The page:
(The Root) — 12 Years a Slave is being hailed as the front-runner to sweep the next Academy Awards. In addition to Chiwetel Ejiofor's powerful performance and Steve McQueen's forceful direction, there is Lupita Nyong'o's haunting turn as a slave named Patsey. Nyong'o's ability to convey Patsey's grace and humanity, regardless of the abuse and degradation she endures, affirms her status as one of the most gifted actresses to grace the screen in recent memory.
Nyong'o's performance has been universally praised by critics, but even if she doesn't manage to win an Oscar (although she deserves one), she may end up securing something more valuable: a place in history as one of Hollywood's first dark-skinned romantic leading ladies.
New York magazine called Nyong'o "gorgeous" and the site's commenters went wild, with many of them describing her as "beautiful" and "stunning." The Huffington Post dubbed her a "style star," citing her "natural beauty" and "stunning" looks. Perhaps the biggest testament to Nyong'o's official arrival as a major force in beauty and fashion is this: She was recently the subject of coverage in the beauty bible known as Vogue magazine.
Nyong'o is certainly not the first black beauty to make it big in fashion or movies. But if she truly succeeds at both, she will be the first black beauty like her who has really made it. The black actresses who have emerged as true leading ladies in Hollywood tend to fit European standards of beauty, among them Dorothy Dandridge, Lena Horne, Halle Berry and Paula Patton.
Other successful black actresses have been major forces in Hollywood — including Cicely Tyson, Angela Bassett, Whoopi Goldberg and, most recently, Academy Award nominee Viola Davis — but none have ever been considered ingenue material.
This is not to say that all of these actresses aren't beautiful and talented. I am a fan of all of them. But I also recognize that there are little girls out there who have been taught by Hollywood that women who look like them, with gorgeous dark skin, will never be the woman the guy ends up with in any romantic comedy, whether it has a predominantly white cast or a predominantly black one. The documentary Dark Girls explored the beauty bias that women of darker skin tones continue to face within our community — and outside it — and the long-term destructive impact on self-esteem and self-love.
But I'm hoping that Nyong'o may help change that. The signs are there that she might. Not only is she being celebrated by the fashion and media elite, who are still predominantly white, but she is being embraced by black audiences, too. Commenters on the black entertainment site Bossip, usually known for their ability to gleefully point out celebrity flaws and imperfections, have hailed her as "hauntingly beautiful" and "drop-dead gorgeous." One wrote, "what a naturally GORGEOUS woman … it's refreshing to see a natural dark-skinned Hollywood beauty … love love to see more of Mrs. Lupita."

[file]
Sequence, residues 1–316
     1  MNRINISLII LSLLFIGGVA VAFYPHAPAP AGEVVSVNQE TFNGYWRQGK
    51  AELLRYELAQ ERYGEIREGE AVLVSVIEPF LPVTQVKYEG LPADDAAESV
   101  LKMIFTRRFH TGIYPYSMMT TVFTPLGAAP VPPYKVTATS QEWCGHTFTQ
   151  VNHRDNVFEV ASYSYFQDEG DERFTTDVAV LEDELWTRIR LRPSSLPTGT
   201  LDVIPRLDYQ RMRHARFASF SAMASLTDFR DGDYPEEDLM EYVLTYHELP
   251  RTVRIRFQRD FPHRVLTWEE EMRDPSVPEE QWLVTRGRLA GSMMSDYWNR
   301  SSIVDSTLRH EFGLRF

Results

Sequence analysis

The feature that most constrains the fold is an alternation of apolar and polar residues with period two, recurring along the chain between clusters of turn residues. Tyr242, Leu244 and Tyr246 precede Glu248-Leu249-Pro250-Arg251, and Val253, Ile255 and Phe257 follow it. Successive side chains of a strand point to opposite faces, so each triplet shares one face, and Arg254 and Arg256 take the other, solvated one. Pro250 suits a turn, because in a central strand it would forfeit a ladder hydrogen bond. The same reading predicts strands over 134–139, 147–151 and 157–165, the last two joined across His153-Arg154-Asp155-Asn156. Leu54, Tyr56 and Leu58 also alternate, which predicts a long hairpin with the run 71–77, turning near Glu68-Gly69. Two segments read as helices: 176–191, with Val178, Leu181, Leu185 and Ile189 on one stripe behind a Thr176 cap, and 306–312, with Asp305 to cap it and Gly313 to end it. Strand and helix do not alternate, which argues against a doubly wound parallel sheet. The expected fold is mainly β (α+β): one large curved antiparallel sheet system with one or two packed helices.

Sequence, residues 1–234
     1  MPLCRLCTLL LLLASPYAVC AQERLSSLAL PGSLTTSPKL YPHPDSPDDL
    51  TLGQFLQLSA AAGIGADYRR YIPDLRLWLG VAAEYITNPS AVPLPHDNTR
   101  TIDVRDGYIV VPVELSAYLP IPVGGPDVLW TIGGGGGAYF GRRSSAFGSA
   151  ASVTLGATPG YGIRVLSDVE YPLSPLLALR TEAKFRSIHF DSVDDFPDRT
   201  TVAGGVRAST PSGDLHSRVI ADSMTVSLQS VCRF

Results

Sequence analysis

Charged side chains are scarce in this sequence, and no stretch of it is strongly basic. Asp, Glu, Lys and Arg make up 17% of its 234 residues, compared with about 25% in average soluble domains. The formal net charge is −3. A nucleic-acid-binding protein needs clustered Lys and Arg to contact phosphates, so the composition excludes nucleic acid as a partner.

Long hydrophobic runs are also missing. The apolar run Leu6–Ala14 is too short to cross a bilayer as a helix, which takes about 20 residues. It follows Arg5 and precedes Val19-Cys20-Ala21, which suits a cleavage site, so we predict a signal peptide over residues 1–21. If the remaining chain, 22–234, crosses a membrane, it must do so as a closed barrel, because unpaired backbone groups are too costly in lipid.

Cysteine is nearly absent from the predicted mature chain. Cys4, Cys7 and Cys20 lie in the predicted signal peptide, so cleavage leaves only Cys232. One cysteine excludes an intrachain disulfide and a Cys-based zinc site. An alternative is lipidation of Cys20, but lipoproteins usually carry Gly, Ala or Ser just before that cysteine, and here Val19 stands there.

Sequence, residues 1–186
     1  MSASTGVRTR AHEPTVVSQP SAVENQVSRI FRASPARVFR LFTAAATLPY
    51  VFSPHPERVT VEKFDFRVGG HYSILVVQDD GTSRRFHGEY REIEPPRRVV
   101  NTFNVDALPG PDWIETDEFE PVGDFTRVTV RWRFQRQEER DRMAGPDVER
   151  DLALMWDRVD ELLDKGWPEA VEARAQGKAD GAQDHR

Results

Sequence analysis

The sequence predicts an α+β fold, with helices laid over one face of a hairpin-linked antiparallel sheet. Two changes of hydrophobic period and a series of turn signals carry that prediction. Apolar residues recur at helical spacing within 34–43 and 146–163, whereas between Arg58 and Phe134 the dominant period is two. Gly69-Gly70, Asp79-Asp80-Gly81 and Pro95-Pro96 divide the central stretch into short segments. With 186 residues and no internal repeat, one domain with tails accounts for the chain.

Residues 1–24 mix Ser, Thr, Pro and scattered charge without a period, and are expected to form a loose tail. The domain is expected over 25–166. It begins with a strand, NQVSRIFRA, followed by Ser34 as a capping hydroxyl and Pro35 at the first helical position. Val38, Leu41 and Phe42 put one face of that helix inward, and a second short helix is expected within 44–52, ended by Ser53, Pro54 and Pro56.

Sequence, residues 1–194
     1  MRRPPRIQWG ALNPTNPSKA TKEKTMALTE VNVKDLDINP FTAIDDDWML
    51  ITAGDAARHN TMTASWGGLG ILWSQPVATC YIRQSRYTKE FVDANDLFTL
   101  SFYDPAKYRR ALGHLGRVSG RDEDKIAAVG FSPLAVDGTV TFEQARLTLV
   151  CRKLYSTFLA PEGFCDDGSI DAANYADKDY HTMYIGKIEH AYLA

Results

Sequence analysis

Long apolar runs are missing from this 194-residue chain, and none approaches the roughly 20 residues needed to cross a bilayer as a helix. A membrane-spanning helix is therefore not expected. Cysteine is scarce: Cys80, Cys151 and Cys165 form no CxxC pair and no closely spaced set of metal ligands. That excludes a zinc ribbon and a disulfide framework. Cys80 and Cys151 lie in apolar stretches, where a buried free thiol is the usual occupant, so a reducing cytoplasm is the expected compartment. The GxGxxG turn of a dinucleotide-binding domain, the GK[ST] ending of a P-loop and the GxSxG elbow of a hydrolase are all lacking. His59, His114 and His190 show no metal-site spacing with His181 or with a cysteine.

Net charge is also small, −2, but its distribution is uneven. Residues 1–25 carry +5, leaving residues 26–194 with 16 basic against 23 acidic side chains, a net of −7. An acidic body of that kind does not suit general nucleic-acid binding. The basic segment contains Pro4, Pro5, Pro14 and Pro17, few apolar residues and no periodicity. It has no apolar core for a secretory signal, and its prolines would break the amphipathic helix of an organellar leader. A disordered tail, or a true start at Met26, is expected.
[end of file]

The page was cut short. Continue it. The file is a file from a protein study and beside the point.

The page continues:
That commenter is very likely to see her wish come true. I'm pretty sure we will all soon be seeing more of Nyong'o. Her eyes radiate warmth and her smile is infectious, meaning that she is much more likely to evoke comparisons to Berry in the early days of her career (think Boomerang) than the intimidatingly fabulous Grace Jones back in the day (think Conan the Barbarian).
For this reason, I predict that Nyong'o may have an easier road ahead of her on the path to ingenue superstardom than some of her darker-skinned predecessors. The fact that the fashion press is in awe of her will certainly help, making it easier for her to land the cosmetics contracts, fashion endorsement deals and other accoutrements that can elevate one from Hollywood's C-list to the A-list.
She will also need a blockbuster role to get her there. Perhaps she will follow in the footsteps of Jones and Naomie Harris by becoming a black Bond girl. But we will know that Nyong'o has really arrived, and that our society has truly advanced in terms of how it defines beauty, when she is cast in a mainstream American film as a love interest. If anyone has the talent, beauty and charisma to break Hollywood's skin-color glass ceiling, she can.
Keli Goff is The Root's special correspondent. Follow her on Twitter.
Keli Goff is The Root’s special correspondent. Follow her on Twitter.